Mandatory reporting guide for federally regulated financial institutions

From: Financial Consumer Agency of Canada

October 1, 2018

1. Introduction

The Financial Consumer Agency of Canada (FCAC) supervises federally regulated financial institutions to ensure they comply with their legislative obligations, voluntary codes of conduct and public commitments (collectively, “market conduct obligations”) that are overseen by FCAC.

As stipulated in section 5.3 of FCAC’s Supervision Framework, institutions must file specific information with FCAC within timeframes and formats prescribed by statute. This information includes complaint handling procedures, public accountability statements and notices of branch closure, all of which are reviewed to ensure compliance. Failure to meet statutory filing requirements may lead to enforcement action.

FCAC expects institutions to designate a compliance liaison to interact with the Agency and ensure filing requirements are met. The compliance liaison is a senior official serving as the regulated entity’s main point of contact responsible for communicating and liaising with FCAC on the regulated entity’s market conduct obligations.

FCAC also requires institutions to submit aggregate complaints reports and reportable compliance issues. As required to fulfill its supervisory activities, FCAC will request from institutions other information not addressed in this guide.

2. Purpose

This mandatory reporting guide provides details about specific information institutions must file with FCAC. This guide complements FCAC’s Supervision Framework, published in April 2017 and in effect as of October 1, 2018. However, it does not substitute the laws and regulations monitored by FCAC. When in doubt, please refer to the laws and regulations applicable to your type of institution.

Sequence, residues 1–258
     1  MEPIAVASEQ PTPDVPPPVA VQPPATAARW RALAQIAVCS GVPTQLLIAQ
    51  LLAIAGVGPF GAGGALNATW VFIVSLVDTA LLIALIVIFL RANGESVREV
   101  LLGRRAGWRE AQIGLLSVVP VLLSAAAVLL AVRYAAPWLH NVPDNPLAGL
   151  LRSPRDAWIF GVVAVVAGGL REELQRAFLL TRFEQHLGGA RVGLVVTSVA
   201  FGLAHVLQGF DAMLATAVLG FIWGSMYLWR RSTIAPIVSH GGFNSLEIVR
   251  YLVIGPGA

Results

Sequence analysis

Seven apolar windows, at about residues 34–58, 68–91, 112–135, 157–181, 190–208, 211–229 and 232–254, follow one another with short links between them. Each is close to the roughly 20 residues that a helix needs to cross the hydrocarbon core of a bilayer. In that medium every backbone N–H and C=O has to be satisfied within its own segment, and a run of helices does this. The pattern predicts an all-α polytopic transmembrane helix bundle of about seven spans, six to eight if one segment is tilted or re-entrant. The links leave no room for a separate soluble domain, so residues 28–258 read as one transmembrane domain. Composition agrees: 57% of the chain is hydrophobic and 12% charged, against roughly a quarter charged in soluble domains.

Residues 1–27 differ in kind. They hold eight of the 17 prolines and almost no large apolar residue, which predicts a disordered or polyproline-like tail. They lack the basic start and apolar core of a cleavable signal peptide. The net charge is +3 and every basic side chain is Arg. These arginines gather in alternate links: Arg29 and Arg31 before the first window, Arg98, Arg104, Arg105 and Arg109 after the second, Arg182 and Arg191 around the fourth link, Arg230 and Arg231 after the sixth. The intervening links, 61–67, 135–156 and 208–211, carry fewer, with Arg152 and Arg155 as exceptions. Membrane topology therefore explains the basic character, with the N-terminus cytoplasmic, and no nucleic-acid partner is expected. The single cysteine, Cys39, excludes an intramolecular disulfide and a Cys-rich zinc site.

This guide covers the following topics:

  • complaint handling procedures
  • public complaints information
  • public accountability statements
  • notice of branch closure
  • aggregate complaints report
  • reportable compliance issues
  • voluntary codes of conduct and public commitments

3. FCAC’s use of mandatory reporting information

FCAC uses the information provided to monitor institutions’ compliance with their market conduct obligations and determine appropriate promotion, supervision and/or enforcement actions.

The data received serves additional functions, including but not limited to:

  • promoting the adoption by institutions of policies and procedures in line with their market conduct obligations
  • enhancing FCAC’s ability to supervise institutions, assess market conduct risk and manage relationships
  • prompting institutions to gather key details that will aid in their own internal investigations and in analyzing the root causes of potential breaches
  • triggering improvements to institutions’ control frameworks, which can lead to stronger compliance programs and reduce the likelihood of recurring breaches
  • assisting FCAC in monitoring and evaluating trends and emerging issues that may have an impact on financial consumers
  • identifying issues that are common to the industry and require further guidance for institutions, in the form of FCAC guidelines and compliance bulletinsFootnote 1 
  • identifying opportunities for policy discussions and collaboration with other government agencies, regulators and stakeholders to foster a better understanding of financial services and related issues

4. Complaint handling procedures

All institutions must have procedures in place to handle complaints from their consumers about their products and services. These procedures must:

  • designate an officer or employee in charge of implementing the procedures
  • designate at least one officer or employee in charge of receiving and dealing with those complaints
  • be written in language that is clear, simple and not misleading

Banks, trust and loan companies, and cooperative credit associations

As per relevant legislationFootnote 2  and related complaints regulations, banks, trust and loan companies, and cooperative credit associations must file with FCAC a copy of their complaint handling procedure and make the procedure available as a brochure, in their branches where products or services are offered in Canada. Institutions must also:

  • include information on how consumers may contact FCAC